You also have several options for implementing the message interceptor. ASMX and WCF both offer extensibility points to intercept message processing before the service implementation is invoked. WCF even offers the same extensibility on the service consumer side. Table 2 lists the technology options for these caching architectures.
Table 2 – Technology choices for implementing caching architectures.
Computing Cache Keys
Let’s take a closer look at the moving parts that comprise a typical caching solution. First, we need to compute the cache key from the request message to check if we already have a matching response in the cache. Computing a generic key before the message has been deserialized is straight-forward when:
the document format does not vary (for example, there is no optional content)
the messages are XML element-centric and don’t contain data in XML attributes or mixed mode content
the code is already working with XML documents (for example, as with XmlDocument, XmlNode or XPathNavigator objects)
the message design only passes reference data (not fully populated business documents)
the services expose RESTful endpoints where URL parameters or partial URLs contain all reference data
In these situations, you can implement a simple, generic cache key algorithm. For example, you can load the request into an XmlDocument object and get the request data by examining the InnerText property of the document’s root node. The danger here is that you could wind up with a very long and comprehensive cache key if your request message contains many data elements.
Computing a message type-specific cache key requires much more coding work and you may have to embed code for each message type. For server-side caching with ASMX Web services, for example, you would add an HTTP Module to the request processing pipeline for the service call. Inside the custom module, you can then inspect data items in the XML message content that uniquely identifies a service request and possibly by-passes the service call.
For client-side caching with ASMX on the other hand, there is no transparent approach for adding caching logic. Custom proxy classes would have to perform all the caching-related processing. Depending on requirements and the number of service consumers, it might be easier to implement caching logic in the service consumer’s code or switch to WCF for adding caching logic transparently.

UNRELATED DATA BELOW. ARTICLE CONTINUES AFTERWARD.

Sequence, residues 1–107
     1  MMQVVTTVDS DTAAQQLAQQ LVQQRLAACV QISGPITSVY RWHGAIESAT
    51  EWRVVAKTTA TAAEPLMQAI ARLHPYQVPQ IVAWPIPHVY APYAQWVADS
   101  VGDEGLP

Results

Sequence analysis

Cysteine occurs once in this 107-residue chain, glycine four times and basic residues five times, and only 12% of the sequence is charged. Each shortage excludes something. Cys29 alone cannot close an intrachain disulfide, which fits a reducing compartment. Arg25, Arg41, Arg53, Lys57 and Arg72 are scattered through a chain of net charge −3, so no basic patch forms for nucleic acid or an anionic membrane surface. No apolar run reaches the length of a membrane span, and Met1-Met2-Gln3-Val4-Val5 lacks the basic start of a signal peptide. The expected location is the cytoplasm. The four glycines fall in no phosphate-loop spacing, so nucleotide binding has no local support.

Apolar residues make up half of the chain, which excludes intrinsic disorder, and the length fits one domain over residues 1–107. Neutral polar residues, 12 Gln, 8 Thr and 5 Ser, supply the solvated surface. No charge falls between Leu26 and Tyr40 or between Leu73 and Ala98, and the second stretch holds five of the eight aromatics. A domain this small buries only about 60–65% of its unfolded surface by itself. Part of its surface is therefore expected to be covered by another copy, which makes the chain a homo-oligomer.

For WCF-based services, you would define a custom binding with a custom caching channel as part of the channel stack for either the service or the consumer. A custom channel allows access to perform capabilities on the Message object. Oftentimes that’s more convenient than programming against the raw XML message.
Caching REST Responses
The HTTP protocol defines content caching behavior on the server, on intermediaries, and on the client. This native form of content caching was originally responsible for driving wide-spread support in Web frameworks, like ASP.NET.
WCF adds support for ASP.NET caching profiles. These profiles control the caching behavior on the server as well as sending HTTP headers to control caching on intermediaries and the client.
You configure a WCF REST service for ASP.NET caching with a combination of attributes and configuration file settings. You can begin by attributing the service contract with the AspNetCacheProfile attribute. The attribute is only valid for GET requests, which support how REST uses GET as the preferred verb for read capabilities.
public interface ICatalogService
string GetCatalogItem(string itemId);
The attribute references a named profile stored in the service’s configuration file. The service implementation class also needs an attribute to connect the service into the ASP.NET processing pipeline.
public class CatalogService : ICatalogService
The configuration file further needs to set up the service host for ASP.NET caching, by adding the aspNetCompatibilityEnabled attribute:
<serviceHostingEnvironment aspNetCompatibilityEnabled=”true” />
<endpoint address=”” binding=”webHttpBinding”
Note that this configuration is at the host level and therefore enables ASP.NET for all services under this host. This could change behavior and performance for other services that don’t require capabilities of ASP.NET. You should evaluate carefully if RESTful services and SOAP-based services should run in the same hosting environment.